PLANNED GIVING is just that, a way to plan to provide financial support and resources for your loved ones. "Planned giving" is also a vehicle that allows you to give to charity during your lifetime and/or after your death, while meeting your current income needs and providing for your heirs. Planned giving is typically done in conjunction with estate planning, and is a viable option for donors of all income levels.
Make no mistake; planned giving takes some effort and work, usually involving your attorney, accountant or financial planner. And if you think about it, it should be something that is carefully considered and executed.
From a donor's perspective, planned giving is attractive for many reasons. It may allow you to make larger gifts than you otherwise could out of your current assets. Depending on how a planned gift is set up, it may also let you receive a stream of income for life, earn higher investment yield, or reduce your capital gains or estate taxes.
Planned gifts often appeal to people who want to benefit a charitable organization and show you believe in the mission of an organization and what it means to your community.
Planned Giving Options
The most common type of planned giving vehicle is the charitable bequest and beneficiary designation.
The term "charitable bequest" is used to describe anything you give or leave to charity from your estate through a will or a revocable inter vivos ("living") trust. An "estate" is any property, money or personal belongings that you may have at the time of your death. Most people leave an estate when they die, even though they may not have a great deal of wealth. Even an individual with a small estate can arrange to leave a charitable bequest.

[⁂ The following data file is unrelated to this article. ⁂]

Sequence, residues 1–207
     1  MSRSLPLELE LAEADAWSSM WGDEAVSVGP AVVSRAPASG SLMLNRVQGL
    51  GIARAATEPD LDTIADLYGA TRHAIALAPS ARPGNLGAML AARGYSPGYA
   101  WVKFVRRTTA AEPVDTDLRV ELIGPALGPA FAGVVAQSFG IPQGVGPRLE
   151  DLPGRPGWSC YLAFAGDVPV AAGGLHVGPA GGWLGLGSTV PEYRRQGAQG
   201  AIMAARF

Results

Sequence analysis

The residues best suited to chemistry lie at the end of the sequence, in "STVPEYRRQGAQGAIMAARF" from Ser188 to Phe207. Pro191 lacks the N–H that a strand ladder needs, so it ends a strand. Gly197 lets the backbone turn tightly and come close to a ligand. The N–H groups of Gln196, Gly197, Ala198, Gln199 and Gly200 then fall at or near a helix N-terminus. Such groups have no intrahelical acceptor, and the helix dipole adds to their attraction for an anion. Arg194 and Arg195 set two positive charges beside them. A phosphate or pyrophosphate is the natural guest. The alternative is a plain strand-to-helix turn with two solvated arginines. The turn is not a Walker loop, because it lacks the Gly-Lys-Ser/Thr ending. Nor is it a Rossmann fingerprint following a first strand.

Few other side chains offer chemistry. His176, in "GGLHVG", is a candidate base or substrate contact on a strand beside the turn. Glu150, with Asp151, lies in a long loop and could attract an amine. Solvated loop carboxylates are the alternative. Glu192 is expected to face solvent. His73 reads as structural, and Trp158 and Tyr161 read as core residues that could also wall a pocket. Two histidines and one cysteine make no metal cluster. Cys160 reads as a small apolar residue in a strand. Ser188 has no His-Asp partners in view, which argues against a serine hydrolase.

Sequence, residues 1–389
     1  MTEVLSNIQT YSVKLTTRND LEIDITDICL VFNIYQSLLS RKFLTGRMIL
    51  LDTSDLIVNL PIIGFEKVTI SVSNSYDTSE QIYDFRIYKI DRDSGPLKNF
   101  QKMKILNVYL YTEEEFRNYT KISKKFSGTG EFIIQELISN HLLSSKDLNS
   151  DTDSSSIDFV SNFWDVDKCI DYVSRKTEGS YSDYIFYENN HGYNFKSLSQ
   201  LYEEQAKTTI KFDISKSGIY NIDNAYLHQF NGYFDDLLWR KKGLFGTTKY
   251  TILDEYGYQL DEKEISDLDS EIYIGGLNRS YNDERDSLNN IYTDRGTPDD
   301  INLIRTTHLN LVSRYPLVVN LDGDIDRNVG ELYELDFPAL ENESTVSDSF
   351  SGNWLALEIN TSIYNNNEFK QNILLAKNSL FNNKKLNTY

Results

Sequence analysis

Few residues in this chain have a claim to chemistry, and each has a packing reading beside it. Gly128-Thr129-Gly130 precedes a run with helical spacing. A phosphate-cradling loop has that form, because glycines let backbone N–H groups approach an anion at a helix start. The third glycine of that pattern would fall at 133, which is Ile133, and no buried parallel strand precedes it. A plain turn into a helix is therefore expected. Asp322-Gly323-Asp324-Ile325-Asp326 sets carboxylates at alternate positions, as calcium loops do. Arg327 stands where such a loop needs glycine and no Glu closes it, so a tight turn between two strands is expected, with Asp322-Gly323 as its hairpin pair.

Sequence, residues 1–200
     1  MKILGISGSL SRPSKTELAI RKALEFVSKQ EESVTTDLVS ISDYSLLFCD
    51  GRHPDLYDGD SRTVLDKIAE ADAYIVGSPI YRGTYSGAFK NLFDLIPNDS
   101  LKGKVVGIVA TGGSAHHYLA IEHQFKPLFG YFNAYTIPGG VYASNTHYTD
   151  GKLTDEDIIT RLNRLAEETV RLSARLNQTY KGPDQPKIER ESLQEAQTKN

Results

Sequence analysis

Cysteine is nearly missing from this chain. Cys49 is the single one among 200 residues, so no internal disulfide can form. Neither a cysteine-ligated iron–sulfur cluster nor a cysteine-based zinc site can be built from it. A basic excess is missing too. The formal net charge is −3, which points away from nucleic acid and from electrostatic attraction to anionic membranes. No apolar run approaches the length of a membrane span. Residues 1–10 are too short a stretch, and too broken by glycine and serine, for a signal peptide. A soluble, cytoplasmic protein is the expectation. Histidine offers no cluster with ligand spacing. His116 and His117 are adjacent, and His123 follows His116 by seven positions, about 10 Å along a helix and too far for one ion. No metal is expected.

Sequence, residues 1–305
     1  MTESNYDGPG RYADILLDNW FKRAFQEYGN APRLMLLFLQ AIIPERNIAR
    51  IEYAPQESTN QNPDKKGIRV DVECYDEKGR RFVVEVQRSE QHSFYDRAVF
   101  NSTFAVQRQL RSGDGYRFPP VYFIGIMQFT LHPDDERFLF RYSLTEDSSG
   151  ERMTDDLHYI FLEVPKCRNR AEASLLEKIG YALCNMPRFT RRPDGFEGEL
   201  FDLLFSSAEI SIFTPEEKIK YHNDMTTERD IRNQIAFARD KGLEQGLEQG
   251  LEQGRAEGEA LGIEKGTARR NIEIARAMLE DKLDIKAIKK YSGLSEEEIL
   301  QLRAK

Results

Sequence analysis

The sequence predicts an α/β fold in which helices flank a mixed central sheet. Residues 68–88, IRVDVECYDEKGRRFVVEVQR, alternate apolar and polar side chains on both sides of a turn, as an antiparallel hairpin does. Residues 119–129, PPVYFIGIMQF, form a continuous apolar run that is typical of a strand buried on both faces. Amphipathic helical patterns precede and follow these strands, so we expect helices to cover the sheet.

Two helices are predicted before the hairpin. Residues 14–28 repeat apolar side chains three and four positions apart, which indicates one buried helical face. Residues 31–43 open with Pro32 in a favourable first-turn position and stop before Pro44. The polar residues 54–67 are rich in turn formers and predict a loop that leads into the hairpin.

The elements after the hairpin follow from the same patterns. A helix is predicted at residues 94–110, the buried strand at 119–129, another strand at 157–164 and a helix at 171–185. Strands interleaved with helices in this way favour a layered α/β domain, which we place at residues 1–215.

You can arrange to bequeath a gift from your estate in several different ways. You can set aside a specific dollar amount, leave a percentage of your estate, or leave any assets left over after your family has been provided for. Some people use a bequest to give a charity something they own, such as a car, home, art or jewelry. Others leave a paid life insurance policy or other financial investments, such as stocks, bonds or CDs. These gifts may provide tax savings.
By designating The St. Luke John Foster Burden Fund as the beneficiary of your life insurance or retirement assets, you can enjoy some flexibility in your charitable giving as well as certain tax advantages. The Foster Burden Fund will receive the specified assets upon your death, and you have the option of changing the eventual recipient throughout your life.
If you would like assistance with your plans to ensure that St. Luke Health Services and our affilaite organziations continue to provide the highest quality healthcare now and into the future, please contact our Community Relations Department at 315-342-3166, extension 2116. We would be happy to send you additional information or arrange to meet with you to discuss planned giving, at your convenience.